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Financing

BJ's Restaurants sees sales climb back to pre-holiday levels

The rise in per-restaurant revenue came despite the continuing suspension of indoor dining in California, the casual chain's largest market.
BJ's Restaurant sales
Photograph: Shutterstock

BJ’s Restaurants pushed its average unit sales back up to $70,005 for the week ended Jan. 19 despite having one-third of its restaurants still operating without indoor table service, the casual dining operation said Thursday.

The 209-unit chain had not seen that level of sales since the week ended Nov. 24, or right before a second wave of dining room closings were ordered by states and municipalities to temper the spread of coronavirus during the year-end holidays. The average intake per restaurant equaled 63.1% of pre-pandemic weekly sales.

CEO Greg Trojan noted in releasing the business update that indoor dining is still prohibited for most restaurants in California, where 62 of BJ’s restaurants—roughly 30% of the system—are located. In Texas, Florida and Ohio, the chain’s three biggest markets after California, sales rose to 85.7% of year-ago levels during the first three weeks of January, Trojan said.

Simultaneous with issuing the business update, BJ’s filed a notice that it intends to issue up to $25 million in stock from time to time to provide funds for general corporate purposes.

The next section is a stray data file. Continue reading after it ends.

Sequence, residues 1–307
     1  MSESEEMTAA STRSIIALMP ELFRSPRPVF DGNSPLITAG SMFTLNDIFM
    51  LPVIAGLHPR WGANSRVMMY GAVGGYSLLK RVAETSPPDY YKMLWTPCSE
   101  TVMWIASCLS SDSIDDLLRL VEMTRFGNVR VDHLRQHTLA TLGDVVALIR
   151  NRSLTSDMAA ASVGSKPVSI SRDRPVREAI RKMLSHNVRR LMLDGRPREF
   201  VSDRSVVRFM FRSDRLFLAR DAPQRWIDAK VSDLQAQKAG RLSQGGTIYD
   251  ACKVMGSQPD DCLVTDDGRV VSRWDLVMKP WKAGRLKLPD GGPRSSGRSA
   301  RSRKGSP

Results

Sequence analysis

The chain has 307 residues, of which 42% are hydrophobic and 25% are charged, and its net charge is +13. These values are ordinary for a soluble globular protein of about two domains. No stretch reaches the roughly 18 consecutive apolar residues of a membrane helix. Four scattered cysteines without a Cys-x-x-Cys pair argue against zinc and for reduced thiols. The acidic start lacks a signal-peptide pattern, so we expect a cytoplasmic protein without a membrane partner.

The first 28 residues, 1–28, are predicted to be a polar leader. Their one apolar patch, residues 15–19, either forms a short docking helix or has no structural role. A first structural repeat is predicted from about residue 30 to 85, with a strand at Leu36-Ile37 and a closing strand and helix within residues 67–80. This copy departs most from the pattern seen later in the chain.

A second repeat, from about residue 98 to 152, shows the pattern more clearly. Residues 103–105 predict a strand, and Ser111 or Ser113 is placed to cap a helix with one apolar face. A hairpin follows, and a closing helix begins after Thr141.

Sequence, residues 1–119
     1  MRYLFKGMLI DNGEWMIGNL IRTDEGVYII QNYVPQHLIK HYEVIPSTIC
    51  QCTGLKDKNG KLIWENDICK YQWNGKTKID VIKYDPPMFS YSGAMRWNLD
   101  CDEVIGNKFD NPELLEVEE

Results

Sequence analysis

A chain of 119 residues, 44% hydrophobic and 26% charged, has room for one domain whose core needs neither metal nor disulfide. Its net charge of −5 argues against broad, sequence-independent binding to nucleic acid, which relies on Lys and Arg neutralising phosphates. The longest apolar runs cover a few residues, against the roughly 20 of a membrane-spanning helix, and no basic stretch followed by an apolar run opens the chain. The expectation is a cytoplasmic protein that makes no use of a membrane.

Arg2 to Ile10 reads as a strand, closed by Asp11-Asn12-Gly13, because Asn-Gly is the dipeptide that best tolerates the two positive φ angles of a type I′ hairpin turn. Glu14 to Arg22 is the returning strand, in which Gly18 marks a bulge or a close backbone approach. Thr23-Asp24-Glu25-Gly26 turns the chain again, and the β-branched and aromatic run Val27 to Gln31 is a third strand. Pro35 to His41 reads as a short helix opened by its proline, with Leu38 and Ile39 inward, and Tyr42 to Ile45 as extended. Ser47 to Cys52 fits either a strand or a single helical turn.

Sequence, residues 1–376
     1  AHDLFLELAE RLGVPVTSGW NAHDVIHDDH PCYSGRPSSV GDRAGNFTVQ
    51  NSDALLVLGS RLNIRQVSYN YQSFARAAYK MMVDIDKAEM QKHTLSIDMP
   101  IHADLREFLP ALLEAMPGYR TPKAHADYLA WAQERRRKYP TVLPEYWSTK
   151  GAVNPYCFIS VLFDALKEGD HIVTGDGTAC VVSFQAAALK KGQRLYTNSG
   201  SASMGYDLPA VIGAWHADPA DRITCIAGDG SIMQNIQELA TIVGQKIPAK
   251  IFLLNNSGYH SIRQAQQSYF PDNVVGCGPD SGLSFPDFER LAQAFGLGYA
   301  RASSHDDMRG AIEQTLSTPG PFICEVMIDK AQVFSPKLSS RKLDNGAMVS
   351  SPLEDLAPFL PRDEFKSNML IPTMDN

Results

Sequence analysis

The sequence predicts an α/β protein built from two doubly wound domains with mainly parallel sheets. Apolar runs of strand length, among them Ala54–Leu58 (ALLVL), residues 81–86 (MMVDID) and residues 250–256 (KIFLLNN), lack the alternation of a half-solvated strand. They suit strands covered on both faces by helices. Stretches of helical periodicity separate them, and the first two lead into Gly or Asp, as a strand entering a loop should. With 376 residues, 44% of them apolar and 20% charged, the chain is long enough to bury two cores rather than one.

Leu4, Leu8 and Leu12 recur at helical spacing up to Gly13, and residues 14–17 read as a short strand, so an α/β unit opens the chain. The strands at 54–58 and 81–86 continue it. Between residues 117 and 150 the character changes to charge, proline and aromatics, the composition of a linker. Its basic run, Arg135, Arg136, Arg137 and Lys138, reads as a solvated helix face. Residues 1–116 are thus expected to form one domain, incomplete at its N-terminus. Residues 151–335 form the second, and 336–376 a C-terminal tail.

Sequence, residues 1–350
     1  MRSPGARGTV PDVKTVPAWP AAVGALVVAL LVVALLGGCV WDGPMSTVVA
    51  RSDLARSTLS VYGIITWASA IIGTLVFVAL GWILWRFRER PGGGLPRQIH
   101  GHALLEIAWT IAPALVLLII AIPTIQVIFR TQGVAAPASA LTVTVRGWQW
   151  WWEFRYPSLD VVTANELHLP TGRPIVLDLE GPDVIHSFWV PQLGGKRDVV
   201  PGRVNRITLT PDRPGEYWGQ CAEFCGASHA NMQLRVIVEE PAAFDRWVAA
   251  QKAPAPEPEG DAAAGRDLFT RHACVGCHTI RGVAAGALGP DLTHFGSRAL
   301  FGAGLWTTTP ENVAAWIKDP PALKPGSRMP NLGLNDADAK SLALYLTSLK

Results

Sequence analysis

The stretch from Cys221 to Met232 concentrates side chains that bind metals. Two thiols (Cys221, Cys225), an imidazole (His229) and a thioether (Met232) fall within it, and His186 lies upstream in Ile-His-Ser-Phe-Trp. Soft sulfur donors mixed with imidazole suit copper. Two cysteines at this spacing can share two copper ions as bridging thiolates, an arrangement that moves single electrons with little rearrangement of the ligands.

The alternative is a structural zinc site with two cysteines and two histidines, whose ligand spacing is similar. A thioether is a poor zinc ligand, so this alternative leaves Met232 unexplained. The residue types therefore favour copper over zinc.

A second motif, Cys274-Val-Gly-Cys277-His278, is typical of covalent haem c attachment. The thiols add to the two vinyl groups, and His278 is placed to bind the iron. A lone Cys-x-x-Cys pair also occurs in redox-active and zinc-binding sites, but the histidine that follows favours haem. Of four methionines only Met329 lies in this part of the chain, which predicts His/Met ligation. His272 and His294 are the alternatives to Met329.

J.P. Morgan Securities will serve as sales agent, for which it will receive a 3% commission, according to a Securities and Exchange Commission filing.

The casual-dining group also said in a separate filing that it has negotiated a reduction in a line of credit by $20 million, lowering the amount available under normal conditions to $215 million. Like many restaurant chains, BJ’s took steps at the start of the pandemic to assure it had the needed liquidity to fuel the business after dining rooms were closed by government authorities.

The company noted that it reserved the right in the new credit agreement to increase the line of credit by up to $100 million.

The revision marks one of the first efforts by a major restaurant chain to unwind the extraordinary financial measures that were pursued early in the crisis to ensure companies could remain in business despite a freefall in revenues.

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